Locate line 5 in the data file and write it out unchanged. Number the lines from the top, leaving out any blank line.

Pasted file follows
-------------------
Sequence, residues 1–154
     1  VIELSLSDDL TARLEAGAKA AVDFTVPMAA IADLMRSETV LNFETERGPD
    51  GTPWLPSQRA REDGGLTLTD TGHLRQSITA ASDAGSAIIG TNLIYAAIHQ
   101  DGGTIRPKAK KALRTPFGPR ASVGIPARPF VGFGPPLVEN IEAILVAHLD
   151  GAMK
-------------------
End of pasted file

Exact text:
   151  GAMK